March 29, 2008

Week 30

So, where were we anyway? Oh yeah, the conventional farmer with the cheap herbicide and the easier life. Well, here’s what happens. At first it looks awesome. Total kill, total clean. We even change our attitude as to what is tolerable. ANY vegetation in the field apart from the crop we’re growing is unacceptable. But here’s what starts to happen over 5-7 years. Weeds that are slightly resistant to the herbicide slip through your program and weeds that aren’t are annihilated. Now guess what? The only weeds you’ve got are the resistant ones. So, the good farmer heats up his mix with a little something that will take out the problem. It works for a while and our guy can relax. Problem is, there’s soon a totally unheard of weed that refuses to die. Personally, I can easily identify 100 weeds by common name, but until 15 years ago, I’d never even heard of flax leaf fleabane as an example. It became our biggest nightmare. Now the careful farmer is forced to create a witches brew of toxic expensive stuff. Next, because he no longer cultivates, the ground seals up and won’t take a good drink. No problem, add some soap or gypsum to the water and you’ll be OK. Our farmers are the most resourceful folks in the country and we pride ourselves in problem solving. Vince Petrucci taught us in Vit 101 that “Farming draws together into a unified whole, the loose skeins of knowledge from many closely and distantly related fields of knowledge and capitalizes on them in a purely monetary sense to the fullest possible extent” Vince correctly laid it out for our young minds, but did you follow what just happened with something as simple as a weed? The farmer either became a chemist, or he had to hire one to breathlessly keep ahead of the problem. That’s not the end of it. The wild life disappears from the farm, because those weeds that provided cover for their babies are gone. But wait, there’s more. By sterilizing the soil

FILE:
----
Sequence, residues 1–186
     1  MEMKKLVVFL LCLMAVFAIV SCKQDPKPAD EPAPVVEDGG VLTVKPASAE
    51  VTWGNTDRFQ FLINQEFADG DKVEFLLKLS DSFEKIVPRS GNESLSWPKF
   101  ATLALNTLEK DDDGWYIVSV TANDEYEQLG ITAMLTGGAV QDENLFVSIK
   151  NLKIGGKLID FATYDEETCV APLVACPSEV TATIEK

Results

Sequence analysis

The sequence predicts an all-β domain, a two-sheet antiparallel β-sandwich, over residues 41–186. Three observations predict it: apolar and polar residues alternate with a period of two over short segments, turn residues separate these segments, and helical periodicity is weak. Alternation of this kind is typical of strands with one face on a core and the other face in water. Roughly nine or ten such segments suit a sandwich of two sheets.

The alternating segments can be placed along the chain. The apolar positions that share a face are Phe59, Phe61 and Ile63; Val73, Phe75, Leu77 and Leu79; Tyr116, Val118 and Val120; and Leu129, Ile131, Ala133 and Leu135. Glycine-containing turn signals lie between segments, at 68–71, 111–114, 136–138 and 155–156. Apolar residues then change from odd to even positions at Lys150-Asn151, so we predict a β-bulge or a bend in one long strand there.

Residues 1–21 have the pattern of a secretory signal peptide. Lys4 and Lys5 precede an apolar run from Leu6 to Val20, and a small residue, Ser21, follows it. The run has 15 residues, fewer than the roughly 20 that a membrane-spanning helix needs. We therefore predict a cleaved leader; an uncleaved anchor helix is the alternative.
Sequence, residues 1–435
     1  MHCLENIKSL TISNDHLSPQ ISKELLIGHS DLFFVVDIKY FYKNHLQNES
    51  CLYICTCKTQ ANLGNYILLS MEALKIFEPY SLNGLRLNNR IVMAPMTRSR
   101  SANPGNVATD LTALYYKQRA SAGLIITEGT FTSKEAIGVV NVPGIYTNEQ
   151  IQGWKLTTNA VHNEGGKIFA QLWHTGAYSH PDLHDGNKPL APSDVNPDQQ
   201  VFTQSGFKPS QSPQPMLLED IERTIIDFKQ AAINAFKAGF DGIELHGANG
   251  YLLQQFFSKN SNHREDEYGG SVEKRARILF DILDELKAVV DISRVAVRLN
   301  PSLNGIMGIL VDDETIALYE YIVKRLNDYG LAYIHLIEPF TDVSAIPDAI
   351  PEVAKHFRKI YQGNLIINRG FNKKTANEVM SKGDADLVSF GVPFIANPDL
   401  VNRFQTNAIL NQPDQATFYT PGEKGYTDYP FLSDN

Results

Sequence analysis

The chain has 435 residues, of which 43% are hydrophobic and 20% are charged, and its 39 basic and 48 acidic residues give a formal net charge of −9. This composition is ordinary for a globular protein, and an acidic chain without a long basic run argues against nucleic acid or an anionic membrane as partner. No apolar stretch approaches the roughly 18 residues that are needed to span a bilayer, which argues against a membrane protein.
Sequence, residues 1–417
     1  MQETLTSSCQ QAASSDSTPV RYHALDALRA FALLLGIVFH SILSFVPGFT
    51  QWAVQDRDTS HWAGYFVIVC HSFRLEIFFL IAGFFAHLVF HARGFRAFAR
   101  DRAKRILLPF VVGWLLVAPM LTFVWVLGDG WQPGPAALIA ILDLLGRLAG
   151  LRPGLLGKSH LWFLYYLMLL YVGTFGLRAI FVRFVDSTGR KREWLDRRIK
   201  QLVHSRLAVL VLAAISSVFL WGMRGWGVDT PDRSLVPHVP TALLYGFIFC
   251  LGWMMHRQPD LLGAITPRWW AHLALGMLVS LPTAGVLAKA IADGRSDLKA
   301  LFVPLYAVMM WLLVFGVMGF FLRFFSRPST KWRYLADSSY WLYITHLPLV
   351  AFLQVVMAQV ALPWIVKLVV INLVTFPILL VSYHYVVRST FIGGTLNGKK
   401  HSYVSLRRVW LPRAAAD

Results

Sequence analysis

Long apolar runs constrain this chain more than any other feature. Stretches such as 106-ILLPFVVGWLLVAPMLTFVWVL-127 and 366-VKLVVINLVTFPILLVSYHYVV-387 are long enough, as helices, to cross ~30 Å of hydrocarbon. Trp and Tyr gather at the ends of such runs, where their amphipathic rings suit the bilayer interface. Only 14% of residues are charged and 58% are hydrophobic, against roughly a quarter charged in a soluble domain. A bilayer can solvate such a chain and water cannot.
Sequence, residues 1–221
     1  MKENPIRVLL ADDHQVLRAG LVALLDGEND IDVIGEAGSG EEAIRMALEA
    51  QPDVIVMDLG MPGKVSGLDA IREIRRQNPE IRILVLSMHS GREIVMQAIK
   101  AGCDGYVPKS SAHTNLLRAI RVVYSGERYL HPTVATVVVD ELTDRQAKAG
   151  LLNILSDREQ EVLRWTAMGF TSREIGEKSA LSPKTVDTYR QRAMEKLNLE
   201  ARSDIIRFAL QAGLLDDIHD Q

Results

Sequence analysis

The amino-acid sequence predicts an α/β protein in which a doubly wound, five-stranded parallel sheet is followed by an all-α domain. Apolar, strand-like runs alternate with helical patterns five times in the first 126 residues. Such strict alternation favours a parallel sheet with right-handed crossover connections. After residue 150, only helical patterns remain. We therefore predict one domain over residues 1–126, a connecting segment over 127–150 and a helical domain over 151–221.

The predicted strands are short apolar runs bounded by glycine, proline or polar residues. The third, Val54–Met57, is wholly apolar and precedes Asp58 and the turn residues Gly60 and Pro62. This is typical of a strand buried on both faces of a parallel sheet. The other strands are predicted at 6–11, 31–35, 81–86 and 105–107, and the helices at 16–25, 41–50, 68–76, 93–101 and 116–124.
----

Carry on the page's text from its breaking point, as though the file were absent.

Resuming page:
surface, the soil itself starts to lose microbes needed for proper health.
My intention here was to continue on with an overview of pest control and fungicides, but I’m going to run out of space again. We might get to it another day, but the principles are the same. Cheap pesticide leads to resistant pest. Initially inexpensive fungicide leads to resistant fungi. In our own bodies, antibiotics that cured everything don’t work very well anymore. I’m not an anti business, “They’re coming to take me away ha ha” sort of guy. Just making some observations from here on the farm.
Back to the weed. Not one in the history of mankind has ever developed resistance to plow steel or a shovel. We now kinda like our winter weeds. They die when it gets hot anyway. Only get a foot or so tall which doesn’t bother our trees and vines. Choke out the obnoxious weeds. There’s no sign of flax leaf fleabane anywhere anymore. The quail and pheasant have recovered quite nicely and all is well with the world. Thanks for indulging the farmer’s thoughts.

For some of you Rainbow Chard will be a new adventure. Others have been asking for it and patiently waiting for this day.
Chard can be cooked in many ways and as a rule of thumb you can use Rainbow Chard in any recipe that calls for spinach. It may, however, have to be cooked a little bit longer. If your recipe calls for just the leaves, as with the recipe you will find on this newsletter, don’t throw the stalks away. They can be cooked as you would asparagus and eaten separately. The stalks can also be sautéed, or if they are tender can be finely sliced to make a colorful addition to salad.
Chard may be steamed, sautéed, or braised, and it can be added to soups, stews, frittata, quiche and casseroles. It is related to the beet but is milder than the greens found on beets. If you have very tender leaves it makes a tasty addition to sandwiches and salads.